Ken Gormley was officially inaugurated Thursday in the A.J. Palumbo Center as the 13th president of Duquesne University, in front of a crowd of about 2,000.
The former law school dean and professor was appointed to the fill the position of former Duquesne president Charles Dougherty in the fall of 2015.
Before the ceremony, a procession including Gormley made its way down A-Walk, flanked on both sides by throngs of Duquesne students and student athletes.
View a video of the inauguration ceremony here.
Many notable attendees spoke at the inauguration ceremony, including Pittsburgh Mayor Bill Peduto, Allegheny County Executive Rich Fitzgerald and Pittsburgh Bishop David Zubik.
Peduto called Gormley a “true Pittsburgher.” Gormley, who was born next to Mercy hospital, was the firstborn in a family of five children raised in Pittsburgh.
“I accept this appointment with awe and a deep sense of gratitude,” Gormley said.
As president, Gormley said he would like to “push Duquesne out onto a bigger stage.”
“This is a new moment for Pittsburgh history,” Gormley said. “If we harness and put Duquesne at the epicenter of this change…we can allow this change to reflect Spiritan traditions.
“I’d like to see Duquesne become the dominant university in community engagement in Western Pennsylvania,” he added.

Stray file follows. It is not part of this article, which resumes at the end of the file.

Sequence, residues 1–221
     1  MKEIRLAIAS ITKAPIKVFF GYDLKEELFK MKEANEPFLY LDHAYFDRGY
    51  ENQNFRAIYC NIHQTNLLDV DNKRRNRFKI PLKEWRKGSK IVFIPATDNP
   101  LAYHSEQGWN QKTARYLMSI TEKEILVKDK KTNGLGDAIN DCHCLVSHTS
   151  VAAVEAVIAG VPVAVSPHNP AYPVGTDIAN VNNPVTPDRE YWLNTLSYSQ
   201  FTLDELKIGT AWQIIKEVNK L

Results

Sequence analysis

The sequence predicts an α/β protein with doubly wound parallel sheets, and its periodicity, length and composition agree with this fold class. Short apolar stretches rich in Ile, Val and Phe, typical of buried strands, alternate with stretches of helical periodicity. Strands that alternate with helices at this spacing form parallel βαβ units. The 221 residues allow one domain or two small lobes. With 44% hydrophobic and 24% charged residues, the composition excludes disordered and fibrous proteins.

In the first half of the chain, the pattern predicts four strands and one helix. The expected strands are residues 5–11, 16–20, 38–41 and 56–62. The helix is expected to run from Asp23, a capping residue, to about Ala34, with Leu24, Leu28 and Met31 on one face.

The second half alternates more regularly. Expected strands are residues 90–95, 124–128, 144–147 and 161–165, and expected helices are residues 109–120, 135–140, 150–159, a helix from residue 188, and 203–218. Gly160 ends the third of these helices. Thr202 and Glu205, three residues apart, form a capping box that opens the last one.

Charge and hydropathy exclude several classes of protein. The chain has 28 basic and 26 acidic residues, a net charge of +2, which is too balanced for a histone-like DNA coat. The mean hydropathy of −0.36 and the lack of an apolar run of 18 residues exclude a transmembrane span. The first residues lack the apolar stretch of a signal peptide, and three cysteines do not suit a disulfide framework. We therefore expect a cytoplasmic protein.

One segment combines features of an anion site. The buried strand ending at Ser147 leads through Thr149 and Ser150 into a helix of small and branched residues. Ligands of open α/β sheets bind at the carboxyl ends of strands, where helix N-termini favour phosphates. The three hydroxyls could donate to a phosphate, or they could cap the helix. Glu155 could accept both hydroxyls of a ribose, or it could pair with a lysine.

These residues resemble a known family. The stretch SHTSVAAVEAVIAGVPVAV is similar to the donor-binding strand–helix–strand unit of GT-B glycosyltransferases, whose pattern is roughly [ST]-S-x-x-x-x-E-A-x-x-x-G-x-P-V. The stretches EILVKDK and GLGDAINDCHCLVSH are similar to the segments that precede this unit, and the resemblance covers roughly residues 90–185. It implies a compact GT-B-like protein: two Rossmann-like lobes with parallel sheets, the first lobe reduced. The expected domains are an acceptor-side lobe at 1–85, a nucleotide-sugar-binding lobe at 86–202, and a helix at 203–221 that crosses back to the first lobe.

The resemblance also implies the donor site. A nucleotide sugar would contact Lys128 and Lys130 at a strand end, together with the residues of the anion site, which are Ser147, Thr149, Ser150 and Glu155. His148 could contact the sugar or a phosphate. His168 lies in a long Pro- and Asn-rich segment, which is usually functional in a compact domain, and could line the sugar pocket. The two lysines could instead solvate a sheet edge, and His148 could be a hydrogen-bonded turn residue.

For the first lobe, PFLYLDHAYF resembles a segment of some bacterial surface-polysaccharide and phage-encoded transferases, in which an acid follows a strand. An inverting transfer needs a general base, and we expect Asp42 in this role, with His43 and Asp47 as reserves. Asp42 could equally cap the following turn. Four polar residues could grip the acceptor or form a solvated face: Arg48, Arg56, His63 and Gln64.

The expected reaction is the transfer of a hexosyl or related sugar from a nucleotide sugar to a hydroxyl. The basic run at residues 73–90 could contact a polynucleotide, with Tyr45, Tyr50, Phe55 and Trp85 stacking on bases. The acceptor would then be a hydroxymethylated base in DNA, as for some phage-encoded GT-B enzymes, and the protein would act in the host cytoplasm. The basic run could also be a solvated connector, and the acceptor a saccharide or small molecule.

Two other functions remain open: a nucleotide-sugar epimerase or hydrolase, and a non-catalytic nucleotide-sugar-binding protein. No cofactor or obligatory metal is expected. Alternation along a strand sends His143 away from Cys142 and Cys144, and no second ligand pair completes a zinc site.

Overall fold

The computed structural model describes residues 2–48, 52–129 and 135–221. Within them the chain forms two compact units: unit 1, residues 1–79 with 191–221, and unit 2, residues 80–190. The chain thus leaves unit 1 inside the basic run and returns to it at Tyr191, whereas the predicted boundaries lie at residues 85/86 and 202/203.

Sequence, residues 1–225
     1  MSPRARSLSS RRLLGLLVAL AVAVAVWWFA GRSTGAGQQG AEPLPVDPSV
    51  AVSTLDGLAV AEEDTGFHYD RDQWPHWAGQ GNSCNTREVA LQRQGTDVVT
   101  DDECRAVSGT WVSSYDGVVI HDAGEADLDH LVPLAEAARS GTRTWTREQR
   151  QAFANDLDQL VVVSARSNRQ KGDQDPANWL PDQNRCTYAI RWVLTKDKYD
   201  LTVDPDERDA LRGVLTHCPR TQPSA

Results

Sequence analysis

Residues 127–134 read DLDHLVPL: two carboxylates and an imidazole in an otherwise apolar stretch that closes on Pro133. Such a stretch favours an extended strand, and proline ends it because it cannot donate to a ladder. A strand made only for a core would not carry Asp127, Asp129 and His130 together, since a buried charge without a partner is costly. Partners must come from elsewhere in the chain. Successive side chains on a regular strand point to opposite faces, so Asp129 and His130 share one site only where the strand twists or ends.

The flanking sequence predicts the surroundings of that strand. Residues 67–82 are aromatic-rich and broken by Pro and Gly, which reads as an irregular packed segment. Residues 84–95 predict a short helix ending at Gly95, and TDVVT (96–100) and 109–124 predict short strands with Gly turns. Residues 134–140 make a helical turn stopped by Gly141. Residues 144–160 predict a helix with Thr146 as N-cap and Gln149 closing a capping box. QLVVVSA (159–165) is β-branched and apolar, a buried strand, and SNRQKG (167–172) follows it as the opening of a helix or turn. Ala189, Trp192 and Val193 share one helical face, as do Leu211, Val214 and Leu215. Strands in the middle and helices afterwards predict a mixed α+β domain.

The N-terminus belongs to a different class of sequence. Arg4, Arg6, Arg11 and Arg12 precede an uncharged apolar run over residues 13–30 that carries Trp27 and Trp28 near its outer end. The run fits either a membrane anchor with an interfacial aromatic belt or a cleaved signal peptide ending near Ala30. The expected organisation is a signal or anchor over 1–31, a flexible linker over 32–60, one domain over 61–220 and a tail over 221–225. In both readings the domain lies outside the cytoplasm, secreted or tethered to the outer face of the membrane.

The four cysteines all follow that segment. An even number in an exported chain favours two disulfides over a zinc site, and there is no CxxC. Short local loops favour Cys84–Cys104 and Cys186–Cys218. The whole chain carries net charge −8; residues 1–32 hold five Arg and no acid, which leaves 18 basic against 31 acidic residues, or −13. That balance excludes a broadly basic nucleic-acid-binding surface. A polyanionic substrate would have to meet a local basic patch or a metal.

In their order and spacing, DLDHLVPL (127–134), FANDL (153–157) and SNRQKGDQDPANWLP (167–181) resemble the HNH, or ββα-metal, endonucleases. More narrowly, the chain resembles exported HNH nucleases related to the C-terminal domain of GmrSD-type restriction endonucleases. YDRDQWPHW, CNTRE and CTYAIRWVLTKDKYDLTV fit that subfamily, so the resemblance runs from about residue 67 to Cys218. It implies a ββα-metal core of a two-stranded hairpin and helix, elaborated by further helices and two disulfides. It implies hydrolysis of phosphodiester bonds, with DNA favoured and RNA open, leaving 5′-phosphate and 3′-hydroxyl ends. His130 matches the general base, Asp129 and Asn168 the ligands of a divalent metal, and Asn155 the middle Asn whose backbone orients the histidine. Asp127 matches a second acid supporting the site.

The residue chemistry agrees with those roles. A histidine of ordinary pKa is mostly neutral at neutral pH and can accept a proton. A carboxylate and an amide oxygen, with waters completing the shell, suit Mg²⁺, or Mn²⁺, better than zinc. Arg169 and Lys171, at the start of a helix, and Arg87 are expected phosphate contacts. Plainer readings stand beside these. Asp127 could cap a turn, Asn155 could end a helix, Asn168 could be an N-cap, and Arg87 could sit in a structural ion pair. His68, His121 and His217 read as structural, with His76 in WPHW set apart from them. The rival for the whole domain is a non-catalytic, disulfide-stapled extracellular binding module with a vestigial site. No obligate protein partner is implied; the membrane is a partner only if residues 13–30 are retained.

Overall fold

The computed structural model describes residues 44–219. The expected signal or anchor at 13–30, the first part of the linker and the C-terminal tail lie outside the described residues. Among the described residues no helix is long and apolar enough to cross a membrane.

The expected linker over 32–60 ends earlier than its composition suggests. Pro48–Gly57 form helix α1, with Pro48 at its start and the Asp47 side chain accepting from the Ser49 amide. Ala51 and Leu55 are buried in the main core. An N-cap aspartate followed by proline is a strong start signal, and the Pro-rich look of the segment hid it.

Fitzgerald said the office of the county executive was “ready to assist and support” Gormley as he begins his presidency.
Many Duquesne students attended the ceremony as well.
Justin Hyrb, a sophomore supply chain management major, said he wanted to experience the rare event.
“I wanted to be there for my school,” Hyrb said. “It seems like a great gathering.”
Anthony Riccelli, a freshman business major, wanted to see what the hype was about.
“Everyone seems excited,” Riccelli said. “I want to be part of university history … I’m excited to see what Gormley can add.”
A.J. Vogt, a 2016 graduate and first-year law school student, said he wanted to support his former law school teacher.
“I had the president for class,” Vogt said. “He’s such a nice guy. He encouraged me to go to law school here.”
Mary Wattick, a 2016 graduate, said she thought the ceremony added to a “beautiful day.”
“[It’s] exciting because there’s only been 12 of these before,” Wattick said.
April Ngo. Jr., a music, business, and liberal arts student at Duquesne, said she met Gormley for the first time recently.
“Last week I tripped on A-Walk and he came over and asked if I was ok,” Ngo Jr. said.
Mike Scerbo, Duquesne’s assistant athletic director, said the inaguration was something he “wasn’t going to miss.”
“I’m excited from the energy I’ve seen on campus from students, faculty, and staff,” Scerbo said. “[Gormley’s] leadership seems vibrant, he brings a new exuberance we haven’t seen in a while. I’ve been here 11 years and the energy is palpable.”
Gormley laid out his ambitions for Duquesne University.
“It seems like a unique fit for me in this moment in Duquesne’s history,” Gormley said. “I truly believe that we’re poised for the next important stage in this university’s future, especially if we’re prepared to think big.”
The event was punctuated by musical performances from music school professor Joe “Handyman” Negri — known for his “Mr. Roger’s Neighborhood” fame — as well as the Duquesne University Wind Ensemble and Voices of Spirit and the Duquesne Jazz Ensemble, who performed a rendition of Pharrell’s “Happy” — with music school student Michael Warren behind the mic.